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interior decoration

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Journal Article
Public Culture (1998) 10 (3): 530–548.
Published: 01 September 1998
... huabao (Shanghai pictorial) 2 : 18 -19. Photo courtesy of Shanghai huabao Decorating Culture: Notes on Interior Design, Interiority, and lnteriorization Xiaobing Tang...
Journal Article
Public Culture (2016) 28 (1 (78)): 9–21.
Published: 01 January 2016
... of the Bookshelves book collecting consumerism interior decoration library nostalgia 2016 A more familiar, “homely” variant of the nostalgic library is that longtime staple of the bourgeois household indexing its level of cultivation: outdated Encyclopaedia Britannica, Harvard Classics...
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Journal Article
Public Culture (1994) 6 (2): 263–292.
Published: 01 May 1994
... Decoration from Pompeii to Art Nouveau. London: Thames & Hudson. Ross , Kristin , and Alice Kaplan, eds. 1987. Yale French Studies 73 , special issue on the Everyday. Scarry , Elaine . 1985. “The Interior Structure of the Artifact.” In The Body in Pain: The Making and Unmaking...
Journal Article
Public Culture (2012) 24 (3 68): 535–576.
Published: 01 September 2012
... Improvement (an eighteen- volume book on interior design) proposed numerous media walls featuring telephones, desks, books, stereos, game boards, reel- to- reel tape decks, typewriters, phones, plants, and decorative objects all placed together...
Journal Article
Public Culture (2006) 18 (1): 185–208.
Published: 01 January 2006
... in the South African context stands in an interesting contrast to Miller’s example from Trinidad. Afro-Trinidadian cars are marked by paint and outward decoration whereas Indo-Trinidadian vehicles excel in elaborate upholstery and interior...
Journal Article
Public Culture (2007) 19 (3): 483–498.
Published: 01 September 2007
..., unattainably beautiful montages of highbrow inte- rior decorating magazines. Rather, they are eminently democratic — attainable, unpretentious, and inexpensive. Now, there is no longer any need to actually be a painter, a sculptor, or an architect, when one can acquire the material rudiments...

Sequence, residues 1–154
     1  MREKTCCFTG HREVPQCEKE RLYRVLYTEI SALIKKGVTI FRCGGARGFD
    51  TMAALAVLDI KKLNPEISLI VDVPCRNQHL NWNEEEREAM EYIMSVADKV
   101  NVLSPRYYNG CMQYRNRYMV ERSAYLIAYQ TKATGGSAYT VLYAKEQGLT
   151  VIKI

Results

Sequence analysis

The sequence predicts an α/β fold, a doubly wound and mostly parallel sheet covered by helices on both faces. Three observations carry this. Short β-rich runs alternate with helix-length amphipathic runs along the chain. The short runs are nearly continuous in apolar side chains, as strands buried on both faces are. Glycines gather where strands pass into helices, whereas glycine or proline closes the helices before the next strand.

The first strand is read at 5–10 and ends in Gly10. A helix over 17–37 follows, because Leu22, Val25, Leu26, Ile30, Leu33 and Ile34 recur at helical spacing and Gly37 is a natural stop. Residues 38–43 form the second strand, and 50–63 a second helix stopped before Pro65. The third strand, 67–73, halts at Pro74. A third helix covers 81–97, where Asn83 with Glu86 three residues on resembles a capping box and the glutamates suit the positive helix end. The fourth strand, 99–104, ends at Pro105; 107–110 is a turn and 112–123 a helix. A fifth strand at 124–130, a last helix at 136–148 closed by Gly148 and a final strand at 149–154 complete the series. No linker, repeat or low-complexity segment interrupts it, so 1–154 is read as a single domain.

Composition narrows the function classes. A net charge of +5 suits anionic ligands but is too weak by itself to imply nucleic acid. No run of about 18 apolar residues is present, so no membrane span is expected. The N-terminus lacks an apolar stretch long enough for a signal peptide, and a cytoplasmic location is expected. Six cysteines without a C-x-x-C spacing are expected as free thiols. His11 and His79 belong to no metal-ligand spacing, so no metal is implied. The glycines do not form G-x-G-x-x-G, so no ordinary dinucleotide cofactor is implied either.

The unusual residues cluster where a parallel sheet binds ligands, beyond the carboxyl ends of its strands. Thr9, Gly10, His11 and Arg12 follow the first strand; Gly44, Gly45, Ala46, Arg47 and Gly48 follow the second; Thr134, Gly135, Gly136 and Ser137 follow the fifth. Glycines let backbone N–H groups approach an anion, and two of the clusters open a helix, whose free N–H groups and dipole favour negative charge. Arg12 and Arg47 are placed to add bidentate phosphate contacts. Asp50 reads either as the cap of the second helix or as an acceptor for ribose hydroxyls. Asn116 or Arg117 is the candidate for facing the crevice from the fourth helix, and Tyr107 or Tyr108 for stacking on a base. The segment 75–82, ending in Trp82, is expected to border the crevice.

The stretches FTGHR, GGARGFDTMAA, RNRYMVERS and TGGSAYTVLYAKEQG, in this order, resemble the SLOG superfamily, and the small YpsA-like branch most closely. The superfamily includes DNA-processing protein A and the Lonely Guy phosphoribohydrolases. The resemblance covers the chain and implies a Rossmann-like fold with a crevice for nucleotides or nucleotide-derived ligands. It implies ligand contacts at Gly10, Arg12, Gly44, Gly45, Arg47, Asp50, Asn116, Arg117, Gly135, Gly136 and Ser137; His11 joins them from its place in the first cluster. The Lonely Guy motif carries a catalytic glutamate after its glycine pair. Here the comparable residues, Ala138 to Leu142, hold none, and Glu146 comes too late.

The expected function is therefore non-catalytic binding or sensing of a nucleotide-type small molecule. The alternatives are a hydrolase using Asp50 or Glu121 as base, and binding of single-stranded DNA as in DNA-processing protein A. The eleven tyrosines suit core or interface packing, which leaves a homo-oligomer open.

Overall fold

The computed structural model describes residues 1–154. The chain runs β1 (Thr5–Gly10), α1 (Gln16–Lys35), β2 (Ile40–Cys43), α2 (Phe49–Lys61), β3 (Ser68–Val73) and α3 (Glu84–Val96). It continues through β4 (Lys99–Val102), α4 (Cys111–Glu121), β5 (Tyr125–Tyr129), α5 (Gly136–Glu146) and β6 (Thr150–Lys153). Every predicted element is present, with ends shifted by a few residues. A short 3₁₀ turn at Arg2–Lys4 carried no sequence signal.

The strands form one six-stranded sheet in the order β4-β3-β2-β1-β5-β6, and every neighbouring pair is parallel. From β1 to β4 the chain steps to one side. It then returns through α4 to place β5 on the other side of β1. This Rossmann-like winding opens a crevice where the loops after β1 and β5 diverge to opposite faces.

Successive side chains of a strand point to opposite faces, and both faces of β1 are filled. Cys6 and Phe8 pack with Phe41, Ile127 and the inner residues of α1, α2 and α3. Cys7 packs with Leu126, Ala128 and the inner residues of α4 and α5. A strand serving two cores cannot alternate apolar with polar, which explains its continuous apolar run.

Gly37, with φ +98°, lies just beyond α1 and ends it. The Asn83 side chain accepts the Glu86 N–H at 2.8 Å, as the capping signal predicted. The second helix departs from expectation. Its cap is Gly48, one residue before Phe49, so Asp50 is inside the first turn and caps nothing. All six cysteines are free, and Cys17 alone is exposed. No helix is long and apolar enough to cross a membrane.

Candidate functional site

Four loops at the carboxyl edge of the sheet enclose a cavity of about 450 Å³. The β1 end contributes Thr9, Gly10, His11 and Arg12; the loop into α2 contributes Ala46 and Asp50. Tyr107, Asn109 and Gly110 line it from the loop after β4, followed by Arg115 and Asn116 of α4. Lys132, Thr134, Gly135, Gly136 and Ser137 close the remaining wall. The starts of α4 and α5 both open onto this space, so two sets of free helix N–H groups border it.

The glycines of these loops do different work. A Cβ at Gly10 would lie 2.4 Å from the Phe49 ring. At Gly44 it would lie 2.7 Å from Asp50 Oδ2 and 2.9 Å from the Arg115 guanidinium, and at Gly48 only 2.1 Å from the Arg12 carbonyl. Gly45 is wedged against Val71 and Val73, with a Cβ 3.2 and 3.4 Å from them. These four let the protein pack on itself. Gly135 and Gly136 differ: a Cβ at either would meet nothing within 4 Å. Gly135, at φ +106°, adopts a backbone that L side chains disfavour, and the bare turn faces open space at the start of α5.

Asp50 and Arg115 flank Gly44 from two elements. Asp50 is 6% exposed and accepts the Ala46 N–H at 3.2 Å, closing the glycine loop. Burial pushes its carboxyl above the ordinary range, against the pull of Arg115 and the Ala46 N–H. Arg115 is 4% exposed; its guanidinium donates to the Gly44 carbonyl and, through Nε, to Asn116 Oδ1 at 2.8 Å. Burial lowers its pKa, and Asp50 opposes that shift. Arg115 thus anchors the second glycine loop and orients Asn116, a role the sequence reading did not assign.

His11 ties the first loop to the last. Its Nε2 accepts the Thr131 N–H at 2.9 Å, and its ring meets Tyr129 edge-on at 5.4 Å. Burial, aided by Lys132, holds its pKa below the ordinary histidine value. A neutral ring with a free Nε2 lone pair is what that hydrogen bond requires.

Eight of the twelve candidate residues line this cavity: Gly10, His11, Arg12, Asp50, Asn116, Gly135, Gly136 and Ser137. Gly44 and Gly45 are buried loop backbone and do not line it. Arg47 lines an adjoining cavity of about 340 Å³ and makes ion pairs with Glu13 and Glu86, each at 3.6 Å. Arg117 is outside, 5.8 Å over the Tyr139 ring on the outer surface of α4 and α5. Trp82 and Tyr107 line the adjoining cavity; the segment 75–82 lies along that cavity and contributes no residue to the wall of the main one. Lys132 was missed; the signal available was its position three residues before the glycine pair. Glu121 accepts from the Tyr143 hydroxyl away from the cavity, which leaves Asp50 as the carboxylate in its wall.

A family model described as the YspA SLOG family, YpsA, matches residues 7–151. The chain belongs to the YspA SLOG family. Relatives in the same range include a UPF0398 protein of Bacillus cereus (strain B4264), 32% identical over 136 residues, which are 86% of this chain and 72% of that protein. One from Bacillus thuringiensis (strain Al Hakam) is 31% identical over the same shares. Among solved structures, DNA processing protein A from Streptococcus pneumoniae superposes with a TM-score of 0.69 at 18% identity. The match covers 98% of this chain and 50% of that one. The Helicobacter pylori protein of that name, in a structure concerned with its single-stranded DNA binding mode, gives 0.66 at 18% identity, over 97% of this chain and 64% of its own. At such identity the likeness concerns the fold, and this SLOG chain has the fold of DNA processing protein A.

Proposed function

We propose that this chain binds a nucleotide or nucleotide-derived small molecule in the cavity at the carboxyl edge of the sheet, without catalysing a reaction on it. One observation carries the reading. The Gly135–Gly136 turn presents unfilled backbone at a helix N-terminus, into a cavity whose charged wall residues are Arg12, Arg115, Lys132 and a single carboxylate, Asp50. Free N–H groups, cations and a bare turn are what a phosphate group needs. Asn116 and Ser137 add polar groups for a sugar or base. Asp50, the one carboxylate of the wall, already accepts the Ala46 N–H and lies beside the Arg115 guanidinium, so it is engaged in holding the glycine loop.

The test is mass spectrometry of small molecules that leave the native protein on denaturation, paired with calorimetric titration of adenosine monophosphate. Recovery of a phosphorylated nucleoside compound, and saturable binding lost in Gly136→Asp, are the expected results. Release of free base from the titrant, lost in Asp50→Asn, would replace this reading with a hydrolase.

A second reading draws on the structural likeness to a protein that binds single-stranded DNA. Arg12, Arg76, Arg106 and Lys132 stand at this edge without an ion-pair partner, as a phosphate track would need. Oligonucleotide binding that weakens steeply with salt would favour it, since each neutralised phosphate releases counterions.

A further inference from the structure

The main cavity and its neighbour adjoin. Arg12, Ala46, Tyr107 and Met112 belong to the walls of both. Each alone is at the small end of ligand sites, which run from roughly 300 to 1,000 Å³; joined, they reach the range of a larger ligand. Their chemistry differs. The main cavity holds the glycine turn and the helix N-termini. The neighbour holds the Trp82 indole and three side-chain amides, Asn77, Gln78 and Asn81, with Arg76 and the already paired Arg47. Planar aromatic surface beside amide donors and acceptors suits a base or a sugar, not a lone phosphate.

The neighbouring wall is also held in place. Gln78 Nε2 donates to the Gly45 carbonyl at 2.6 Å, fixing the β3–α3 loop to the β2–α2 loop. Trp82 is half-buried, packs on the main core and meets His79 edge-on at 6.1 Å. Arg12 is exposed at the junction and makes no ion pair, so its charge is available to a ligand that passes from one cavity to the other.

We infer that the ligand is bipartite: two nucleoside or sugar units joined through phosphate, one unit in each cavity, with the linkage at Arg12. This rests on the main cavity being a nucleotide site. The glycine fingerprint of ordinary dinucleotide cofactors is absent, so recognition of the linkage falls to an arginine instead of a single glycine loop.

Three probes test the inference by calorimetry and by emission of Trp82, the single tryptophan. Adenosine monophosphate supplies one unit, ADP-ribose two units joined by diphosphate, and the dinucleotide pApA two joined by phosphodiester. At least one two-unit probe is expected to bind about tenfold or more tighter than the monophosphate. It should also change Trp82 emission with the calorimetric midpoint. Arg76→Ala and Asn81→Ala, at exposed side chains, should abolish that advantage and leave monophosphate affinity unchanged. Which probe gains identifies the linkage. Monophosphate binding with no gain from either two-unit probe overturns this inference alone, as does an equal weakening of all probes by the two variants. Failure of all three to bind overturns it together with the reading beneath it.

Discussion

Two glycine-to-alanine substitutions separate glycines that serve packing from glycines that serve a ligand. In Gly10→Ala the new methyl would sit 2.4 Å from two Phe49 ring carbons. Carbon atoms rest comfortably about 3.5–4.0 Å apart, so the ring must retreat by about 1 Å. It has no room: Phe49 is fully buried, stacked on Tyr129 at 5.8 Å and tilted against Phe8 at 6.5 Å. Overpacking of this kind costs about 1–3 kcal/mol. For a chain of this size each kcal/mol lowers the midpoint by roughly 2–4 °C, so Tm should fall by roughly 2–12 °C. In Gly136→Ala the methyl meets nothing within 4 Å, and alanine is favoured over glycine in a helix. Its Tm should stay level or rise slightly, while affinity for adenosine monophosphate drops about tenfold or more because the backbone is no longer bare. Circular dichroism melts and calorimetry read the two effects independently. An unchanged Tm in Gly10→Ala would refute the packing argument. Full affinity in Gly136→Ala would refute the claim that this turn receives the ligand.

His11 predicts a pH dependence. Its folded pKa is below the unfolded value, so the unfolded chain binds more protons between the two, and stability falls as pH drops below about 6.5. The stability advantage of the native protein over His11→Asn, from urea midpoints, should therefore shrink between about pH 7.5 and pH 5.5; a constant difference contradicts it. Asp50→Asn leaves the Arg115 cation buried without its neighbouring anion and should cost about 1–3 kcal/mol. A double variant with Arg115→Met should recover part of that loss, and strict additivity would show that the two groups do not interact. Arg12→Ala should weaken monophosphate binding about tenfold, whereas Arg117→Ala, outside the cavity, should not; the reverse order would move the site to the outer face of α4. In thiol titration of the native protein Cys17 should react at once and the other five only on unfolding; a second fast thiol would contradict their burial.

Journal Article
Public Culture (2016) 28 (1 (78)): 63–87.
Published: 01 January 2016
... in Maryland.” Although homeowner Peter Hill purchased the paper for $50, the editorial goes on to explain that Kennedy’s restoration team laboriously removed the relic with a “putty knife” and that the National Society of Interior Designers purchased the wallpaper for $12,500 for the project. In an effort...
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Journal Article
Public Culture (2012) 24 (3 68): 509–534.
Published: 01 September 2012
.... Versailles also had an orangery, a form of garden architecture from Italy, containing a great collection of citruses — prizes mainly from the Mediterranean world that Rome had dominated. Versailles was decorated with statues based on classical...
Journal Article
Public Culture (2006) 18 (3): 573–605.
Published: 01 September 2006
... Railway Station (July 2003). Photo: Sabine I. Gölz 5 7 4 Moscow for Flaneurs Figure 2  Interior of Khmel’nitsky Bridge (September 2001). Photo: Sabine I. Gölz Andreevskii Bridge...
Journal Article
Public Culture (1996) 9 (1): 69–91.
Published: 01 January 1996
.... Only a few things, objects of the interior meant for private consump- tion, hint of the incriminating link with Japan which was the cause for deporta- tion-a tiny teapot with a splash of leaves decorating the delicate porcelain...